When a child explores her creativity she discovers her potential. When her potential is recognized and acknowledged, her future is secured. Frame their art and suddenly it looks suitable for any gallery. Hang it on the walls and they are ready to fly.
Leisure-time reading outside of educational activities is a key to superior learning performance, according to a study which examined the reading habits of 155 ten-year-olds. The most surprising finding was not the link between outside reading and educational proficiency, but rather the low amount of outside reading that is actually needed to improve instructional performance.
Astonishingly, ten minutes a day of outside book reading makes a vast difference, according to the study published in Reading Research Quarterly. Improvement tends to level off as outside reading time increases beyond twenty minutes a day.
Unfortunately most students read very little on their own. Therefore, the study suggests, parents and educators should make sure children have access to interesting books at a suitable vocabulary and comprehension level, and that adults read aloud to them and provide time for reading during each day.
Sometimes a child doesn’t seem motivated to start a project because it appears overwhelming. You can help by teaching your child to break a large job down into smaller parts. Say, “First, we will plan a trip to the library to get the materials you will need. Then you will need to schedule some time each day for your research.”
As your child completes each step, he will gain confidence and motivation. That will keep him working until the job is finished.
- Respect your child by treating him or her with the dignity you would a friend.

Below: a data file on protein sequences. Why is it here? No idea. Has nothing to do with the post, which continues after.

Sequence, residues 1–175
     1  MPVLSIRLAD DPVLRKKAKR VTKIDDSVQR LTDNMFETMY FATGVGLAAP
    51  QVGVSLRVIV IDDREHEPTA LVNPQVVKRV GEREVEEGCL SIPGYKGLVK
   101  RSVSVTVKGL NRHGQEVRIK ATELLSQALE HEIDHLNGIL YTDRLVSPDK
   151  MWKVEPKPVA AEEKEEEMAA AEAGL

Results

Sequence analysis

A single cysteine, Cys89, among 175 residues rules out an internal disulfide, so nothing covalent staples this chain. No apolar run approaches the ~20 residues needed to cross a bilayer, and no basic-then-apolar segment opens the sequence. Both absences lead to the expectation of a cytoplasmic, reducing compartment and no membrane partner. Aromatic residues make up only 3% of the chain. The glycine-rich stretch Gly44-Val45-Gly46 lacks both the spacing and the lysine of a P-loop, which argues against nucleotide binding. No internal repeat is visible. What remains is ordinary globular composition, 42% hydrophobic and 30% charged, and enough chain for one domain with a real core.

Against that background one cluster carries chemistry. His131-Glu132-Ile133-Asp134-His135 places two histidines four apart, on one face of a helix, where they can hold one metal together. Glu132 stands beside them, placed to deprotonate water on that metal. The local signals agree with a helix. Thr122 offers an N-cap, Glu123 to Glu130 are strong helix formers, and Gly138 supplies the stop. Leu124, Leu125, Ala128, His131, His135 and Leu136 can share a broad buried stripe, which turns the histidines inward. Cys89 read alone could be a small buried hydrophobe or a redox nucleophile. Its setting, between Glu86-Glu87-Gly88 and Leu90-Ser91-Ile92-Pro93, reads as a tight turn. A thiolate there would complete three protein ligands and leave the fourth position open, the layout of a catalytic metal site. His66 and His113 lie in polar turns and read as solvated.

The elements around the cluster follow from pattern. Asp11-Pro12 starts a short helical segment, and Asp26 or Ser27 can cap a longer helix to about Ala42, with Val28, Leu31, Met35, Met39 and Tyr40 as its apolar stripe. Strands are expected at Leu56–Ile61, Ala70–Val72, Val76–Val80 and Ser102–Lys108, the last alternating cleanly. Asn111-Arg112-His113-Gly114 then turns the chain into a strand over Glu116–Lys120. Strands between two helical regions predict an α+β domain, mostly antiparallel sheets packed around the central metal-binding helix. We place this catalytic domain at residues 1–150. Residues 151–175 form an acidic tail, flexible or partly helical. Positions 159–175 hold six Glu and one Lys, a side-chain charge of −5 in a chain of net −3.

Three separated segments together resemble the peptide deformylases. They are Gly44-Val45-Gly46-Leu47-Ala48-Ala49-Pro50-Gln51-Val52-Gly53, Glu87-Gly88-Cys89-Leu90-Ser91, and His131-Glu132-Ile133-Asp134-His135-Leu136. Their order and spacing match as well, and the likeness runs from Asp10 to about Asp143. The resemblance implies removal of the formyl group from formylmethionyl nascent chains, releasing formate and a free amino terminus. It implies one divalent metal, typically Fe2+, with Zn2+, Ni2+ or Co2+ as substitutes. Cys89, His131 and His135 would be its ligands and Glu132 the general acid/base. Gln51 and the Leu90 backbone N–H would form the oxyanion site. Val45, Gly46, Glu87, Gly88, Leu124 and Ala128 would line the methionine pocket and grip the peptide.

- Have faith in your child. Don’t be afraid to give your child increasing responsibility and independence.
- Concentrate on the positive; avoid using discouraging words or actions.
- Recognize your child’s efforts, not just his or her accomplishments.
- Build self-esteem and feelings of adequacy by using positive phrases such as…
- “I can tell you worked very hard on that.”
- “You are getting much better at that.”
- “I appreciate what you did.”
- “You really handled that situation well.”
- Discourage competition (in all forms) between brothers and sisters.
And, remember, don’t feel guilty if you “blow it”, but use your energy to try again more effectively.
We will build a family library, including some of our children’s favorite books.
We will make family visits to libraries, museums, zoos, and other learning places. We will talk about what we see.
We will set aside enough time to finish the day’s homework assignments.
We will have family “study” time when parents read and children do their homework.
We will balance our time between reading or other creative activities and watching TV.
We will all share in the excitement and joy of learning.
We will take time to visit with one another and to show our love and appreciation for each other and for our family.
Busy parents……especially those who are working or are single working parents…..have a limited amount of time to spend with their children. Spending time with your child, no matter what the age, is extremely important, but research suggests it is the quality of the time spent, not the quantity of time that is important.
The quality of the time you spend together can be enhanced by talking with and listening to your child. Communicating with your child encourages him or her to express ideas, improve vocabulary and develop thinking skills……all of which are important for success in school.
Quality time can occur at any time or any place. Driving in the car or riding in the bus, taking a walk in the park or a stroll through the neighborhood or going for an ice cream after dinner are all good opportunities for talking together. Cleaning the kitchen, doing the laundry, or washing the dishes together provide time to communicate with each other and keep in touch with each other’s activities. Children of all ages especially enjoy having your full attention at bedtime when you can read or talk together.